On the heels of Harley-Davdison’s lackluster first quarter results of the year, the American brand has announced that it will be laying off 118 employees at its vehicle operations plant in York County, Pennsylvania.
Harley-Davidson says that the staff reductions are coming as part of a “production realignment” and that the layoffs will begin June 23rd, with a completion date around the end of July 2017.
If you have had your eye on a Norton V4 superbike recently, you might not have to wait as long for it to arrive, as the British marque has secured £3 million from the Santander Corporate & Commercial bank. The debt investment will allow Norton to triple its production rate on the V4 SS and V4 RR models, and also allow for the company to hire 40 new employees for the job. Additionally, according to Norton this will allow the company to increase its production volume to 1,500 motorcycles per year. “Having developed and pre-sold a huge number of bikes, we needed the funding to be readily available to pay for tooling, stock and people to allow production to move from 40 bikes per month to in excess of 130 bikes with effect from summer 2017,” said Stuart Garner, CEO of Norton Motorcycles.
News out of Milwaukee is that Harley-Davidson will be laying off roughly 200 workers, as the company adjusts its workforce to reflect expected motorcycle production volumes for the coming year. This news is directly associated with the current slowdown in Harley-Davidson sales, and as such, the layoffs will affect primarily production line workers. The Milwaukee Journal Sentinel reports that the layoffs will occur at multiple Harley-Davidson production facilities: 117 employees at the York plant, 35 at the Tomahawk plant, and a handful at the the engine plant in Menomonee Falls. This isn’t the first time that Harley-Davidson adjusted its workforce volume to match its production needs, though the layoffs do suggest that Harley-Davidson feels that its projected reduction in production numbers is likely to be a long-term situation.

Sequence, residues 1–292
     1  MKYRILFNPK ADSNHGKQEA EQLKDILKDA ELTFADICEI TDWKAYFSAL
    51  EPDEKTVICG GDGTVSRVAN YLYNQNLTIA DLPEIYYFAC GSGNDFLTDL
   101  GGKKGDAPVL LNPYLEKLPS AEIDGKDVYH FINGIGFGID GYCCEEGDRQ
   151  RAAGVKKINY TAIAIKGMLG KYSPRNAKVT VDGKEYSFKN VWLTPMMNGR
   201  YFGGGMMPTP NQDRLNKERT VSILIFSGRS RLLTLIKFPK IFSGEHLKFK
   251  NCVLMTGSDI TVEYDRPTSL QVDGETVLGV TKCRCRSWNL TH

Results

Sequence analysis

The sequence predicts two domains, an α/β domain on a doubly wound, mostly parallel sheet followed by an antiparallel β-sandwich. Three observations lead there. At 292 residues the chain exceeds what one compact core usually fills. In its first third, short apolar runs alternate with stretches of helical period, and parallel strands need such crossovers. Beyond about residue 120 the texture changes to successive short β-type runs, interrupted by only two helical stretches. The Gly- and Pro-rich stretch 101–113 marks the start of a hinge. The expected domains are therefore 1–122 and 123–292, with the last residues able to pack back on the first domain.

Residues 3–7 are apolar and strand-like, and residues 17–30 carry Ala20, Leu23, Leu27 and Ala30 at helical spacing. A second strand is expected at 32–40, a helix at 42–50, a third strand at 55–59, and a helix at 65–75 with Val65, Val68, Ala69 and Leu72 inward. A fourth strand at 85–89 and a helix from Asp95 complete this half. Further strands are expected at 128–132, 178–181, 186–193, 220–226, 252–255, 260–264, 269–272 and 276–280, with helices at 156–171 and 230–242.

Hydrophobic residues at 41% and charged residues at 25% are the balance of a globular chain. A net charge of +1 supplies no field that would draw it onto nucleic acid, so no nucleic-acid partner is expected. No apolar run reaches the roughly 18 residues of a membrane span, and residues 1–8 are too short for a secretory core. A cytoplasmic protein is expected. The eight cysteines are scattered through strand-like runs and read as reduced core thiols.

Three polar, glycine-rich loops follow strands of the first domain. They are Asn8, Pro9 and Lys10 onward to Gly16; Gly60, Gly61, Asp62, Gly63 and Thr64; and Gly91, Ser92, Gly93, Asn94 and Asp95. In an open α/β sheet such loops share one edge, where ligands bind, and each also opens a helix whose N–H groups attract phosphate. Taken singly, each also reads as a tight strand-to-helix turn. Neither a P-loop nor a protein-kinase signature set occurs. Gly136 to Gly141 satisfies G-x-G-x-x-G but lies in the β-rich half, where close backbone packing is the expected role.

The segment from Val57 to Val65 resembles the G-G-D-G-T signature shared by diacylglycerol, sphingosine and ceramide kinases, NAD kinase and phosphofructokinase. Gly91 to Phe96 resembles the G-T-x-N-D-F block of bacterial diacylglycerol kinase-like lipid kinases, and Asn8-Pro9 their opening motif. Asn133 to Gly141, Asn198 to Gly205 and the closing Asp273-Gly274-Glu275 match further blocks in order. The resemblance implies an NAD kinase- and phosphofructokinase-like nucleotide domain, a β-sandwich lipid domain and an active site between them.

Honda’s flagship factory, in the Kumamoto Prefecture, is now back to normal production levels, after its slow recovery from earthquake damage sustained earlier this year.
Honda says that its large motorcycle production lines are now ready to go back to work, meaning the production at the Kumamoto factory is now back to its normal levels, though mini-vehicle parts production has been transferred to Honda’s Suzuka factory.
It’s been a long-time coming, but customer bikes are starting to roll out of the Alta Motors production facility outside of San Francisco. That’s music to the ears of many patient and eager owners, and we’re pretty excited about it too.
This is because the Alta Motors Redshift SM is a designed to compete against any 250cc supermoto on the market, and the same can be said of the Californian company’s MX model as well, when it comes to motocross duties.
So far, every indication points to the Redshift living up to that promise (A&R will know first-hand, soon enough). Until then though, we’re chewing on this time-lapse video that Alta Motors posted to YouTube.
It’s interesting to see how the Alta Motors crew assembles their production electric motorcycles; but perhaps what is most striking, is the relatively clean and simple design that makes the Redshift come to life.
For a bike powered by batteries and liquid-cooled, there are almost no visible wires or hoses. See for yourself, after the jump.
After seeing the region devastated by earthquakes, the Honda factory in the Kumamoto Prefecture is slowly coming back online. The Kumamoto factory (seen above, before the earthquake) has been offline since April 14th, though resumed minor operations on May 6th.
Honda says it has finally completed removal of debris from its most affected facilities; and as of June 6th, the company has partly resumed production of its main motorcycle models.
This is of particular note for American motorcyclists, as it means that Honda can once again being producing the Honda Africa Twin adventure-tourer, which was mid-production for the US market at the time of the earthquakes.